Other than China, apparel factories in Bangladesh also could be significantly hit. Similar to the case of China, Bangladesh serves as a leading apparel supplier for BOTH the EU and US markets, making it more exposed to order cancellations than other countries. Notably, as a beneficiary of the EU Everything But Arms (EBA) duty-free trade programme, around 60% of Bangladesh’s apparel currently goes to the EU. In comparison, with a more diversified export market, clothing factories in Vietnam are in a better position and have more flexibility to mitigate the impact of declining import demand from the EU and US. In 2018, around 40% of Vietnam’s apparel exports went to other markets around the world.

#3: The decline in US and EU apparel imports will have a notable impact on employment in many apparel exporting countries

History shows that a 10% change in the value of apparel exports typically results in a 4%-9% change in garment employment. This means that if US and EU clothing imports drop by 10% in 2020, leading exporter countries such as Bangladesh, Vietnam, Cambodia and India may have to cut 4%-9% of their garment sector jobs accordingly. The social and economic impact of these job losses is very concerning, especially in developing countries such as Bangladesh and Cambodia, where the apparel sector remains the single largest job creator for the local economy, especially for women.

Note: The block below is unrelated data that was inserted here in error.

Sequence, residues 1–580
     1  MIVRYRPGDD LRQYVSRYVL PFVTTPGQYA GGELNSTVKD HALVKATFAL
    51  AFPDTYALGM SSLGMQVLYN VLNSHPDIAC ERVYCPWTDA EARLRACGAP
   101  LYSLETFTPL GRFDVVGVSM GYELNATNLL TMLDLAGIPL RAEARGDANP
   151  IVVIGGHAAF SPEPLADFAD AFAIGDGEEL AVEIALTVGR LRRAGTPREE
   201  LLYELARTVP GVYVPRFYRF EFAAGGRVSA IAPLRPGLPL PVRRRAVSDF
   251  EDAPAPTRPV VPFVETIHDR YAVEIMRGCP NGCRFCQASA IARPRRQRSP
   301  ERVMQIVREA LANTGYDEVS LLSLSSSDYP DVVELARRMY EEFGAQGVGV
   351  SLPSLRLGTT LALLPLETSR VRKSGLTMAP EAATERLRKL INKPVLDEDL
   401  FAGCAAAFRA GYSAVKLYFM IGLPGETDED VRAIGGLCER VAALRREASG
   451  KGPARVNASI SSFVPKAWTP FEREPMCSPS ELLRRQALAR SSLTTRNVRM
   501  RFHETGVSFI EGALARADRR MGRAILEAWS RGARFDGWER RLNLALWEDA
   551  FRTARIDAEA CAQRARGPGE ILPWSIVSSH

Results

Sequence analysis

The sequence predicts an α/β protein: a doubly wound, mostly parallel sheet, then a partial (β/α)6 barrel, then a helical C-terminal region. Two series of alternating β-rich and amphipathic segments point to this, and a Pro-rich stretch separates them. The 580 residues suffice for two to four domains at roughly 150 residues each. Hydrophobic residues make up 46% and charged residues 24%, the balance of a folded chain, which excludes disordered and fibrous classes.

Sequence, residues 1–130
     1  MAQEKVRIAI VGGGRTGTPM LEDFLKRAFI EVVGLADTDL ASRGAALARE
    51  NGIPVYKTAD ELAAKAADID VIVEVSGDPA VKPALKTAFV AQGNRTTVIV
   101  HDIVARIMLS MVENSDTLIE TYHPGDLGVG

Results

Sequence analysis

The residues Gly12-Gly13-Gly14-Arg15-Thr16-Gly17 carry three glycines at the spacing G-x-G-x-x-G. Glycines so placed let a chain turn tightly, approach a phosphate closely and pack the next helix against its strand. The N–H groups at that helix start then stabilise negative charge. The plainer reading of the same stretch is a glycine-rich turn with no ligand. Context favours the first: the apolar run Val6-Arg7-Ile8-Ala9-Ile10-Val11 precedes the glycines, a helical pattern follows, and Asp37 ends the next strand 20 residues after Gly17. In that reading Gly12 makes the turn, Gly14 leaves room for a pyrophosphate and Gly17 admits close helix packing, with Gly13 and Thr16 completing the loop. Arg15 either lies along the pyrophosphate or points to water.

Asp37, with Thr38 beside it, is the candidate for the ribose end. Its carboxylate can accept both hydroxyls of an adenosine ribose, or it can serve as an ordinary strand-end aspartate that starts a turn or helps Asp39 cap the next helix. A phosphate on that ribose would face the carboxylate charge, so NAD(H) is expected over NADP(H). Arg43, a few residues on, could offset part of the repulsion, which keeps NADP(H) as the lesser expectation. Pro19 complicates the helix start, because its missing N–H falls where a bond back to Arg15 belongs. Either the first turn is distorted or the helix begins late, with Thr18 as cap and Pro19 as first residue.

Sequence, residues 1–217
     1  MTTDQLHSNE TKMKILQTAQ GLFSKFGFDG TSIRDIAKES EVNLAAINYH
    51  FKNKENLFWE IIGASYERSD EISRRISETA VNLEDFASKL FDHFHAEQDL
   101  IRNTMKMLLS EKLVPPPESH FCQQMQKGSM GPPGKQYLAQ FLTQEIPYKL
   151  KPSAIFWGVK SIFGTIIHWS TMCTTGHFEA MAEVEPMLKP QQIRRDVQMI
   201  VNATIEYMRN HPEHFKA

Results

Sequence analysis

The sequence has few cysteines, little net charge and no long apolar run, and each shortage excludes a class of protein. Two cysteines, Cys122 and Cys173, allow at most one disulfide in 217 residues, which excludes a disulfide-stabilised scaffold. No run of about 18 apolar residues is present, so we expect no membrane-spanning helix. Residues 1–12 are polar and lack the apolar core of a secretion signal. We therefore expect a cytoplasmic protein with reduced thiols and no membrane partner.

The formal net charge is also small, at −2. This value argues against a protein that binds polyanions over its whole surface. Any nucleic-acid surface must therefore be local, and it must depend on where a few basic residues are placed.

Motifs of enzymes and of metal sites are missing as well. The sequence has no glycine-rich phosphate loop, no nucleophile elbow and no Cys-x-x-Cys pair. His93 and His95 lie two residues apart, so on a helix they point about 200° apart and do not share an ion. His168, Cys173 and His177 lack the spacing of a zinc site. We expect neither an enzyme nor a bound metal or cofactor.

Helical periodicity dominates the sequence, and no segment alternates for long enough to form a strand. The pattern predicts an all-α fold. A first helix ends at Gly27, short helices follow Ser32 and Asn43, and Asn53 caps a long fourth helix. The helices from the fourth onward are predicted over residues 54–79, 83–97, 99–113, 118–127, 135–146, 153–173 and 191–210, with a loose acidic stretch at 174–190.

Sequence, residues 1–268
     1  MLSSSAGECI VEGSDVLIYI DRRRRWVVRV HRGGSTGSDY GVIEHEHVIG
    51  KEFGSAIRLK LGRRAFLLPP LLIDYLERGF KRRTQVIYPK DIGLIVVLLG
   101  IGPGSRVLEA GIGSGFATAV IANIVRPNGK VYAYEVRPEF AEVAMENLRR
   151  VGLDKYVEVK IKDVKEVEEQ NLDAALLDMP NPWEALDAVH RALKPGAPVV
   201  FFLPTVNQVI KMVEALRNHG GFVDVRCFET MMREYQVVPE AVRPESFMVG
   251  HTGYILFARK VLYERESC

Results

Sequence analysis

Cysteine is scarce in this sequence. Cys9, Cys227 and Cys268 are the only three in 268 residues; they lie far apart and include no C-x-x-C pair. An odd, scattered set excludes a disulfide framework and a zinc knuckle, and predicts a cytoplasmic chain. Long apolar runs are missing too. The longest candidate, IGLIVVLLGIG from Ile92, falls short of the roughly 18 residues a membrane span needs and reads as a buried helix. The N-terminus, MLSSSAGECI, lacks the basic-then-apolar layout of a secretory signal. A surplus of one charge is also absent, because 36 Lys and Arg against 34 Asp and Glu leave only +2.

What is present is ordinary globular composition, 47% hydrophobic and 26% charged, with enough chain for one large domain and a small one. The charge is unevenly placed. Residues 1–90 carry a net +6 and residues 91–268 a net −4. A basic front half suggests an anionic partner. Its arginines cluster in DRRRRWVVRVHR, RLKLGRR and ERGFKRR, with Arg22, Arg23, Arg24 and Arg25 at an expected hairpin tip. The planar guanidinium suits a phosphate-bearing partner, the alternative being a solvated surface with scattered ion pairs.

#4: Economic performance in the US, EU and China will largely shape the pattern of apparel trade this year. As shown in Tables 2 and 3, the results in Scenarios 1 and 2 overall are pretty close, suggesting the economic clouds over these three countries and regions together far exceed the rest of the world. 

Last but not least, the global apparel supply chain could continue to face a turbulent time over the next 1-2 years, even if Covid-19 is gradually brought under control in the second half of 2020.

Following the 2008 global financial crisis, the value of world apparel exports dropped by 12.8% in 2009. However, the growth rate quickly rebounded to 11.5% the following year. Likewise, should EU and US apparel imports recover to their normal level in 2021, both importers and garment factories may have to deal with a new round of labour shortages, higher raw material prices and a lack of production capacity.

Click on the following link for additional insight: How coronavirus is impacting the global clothing industry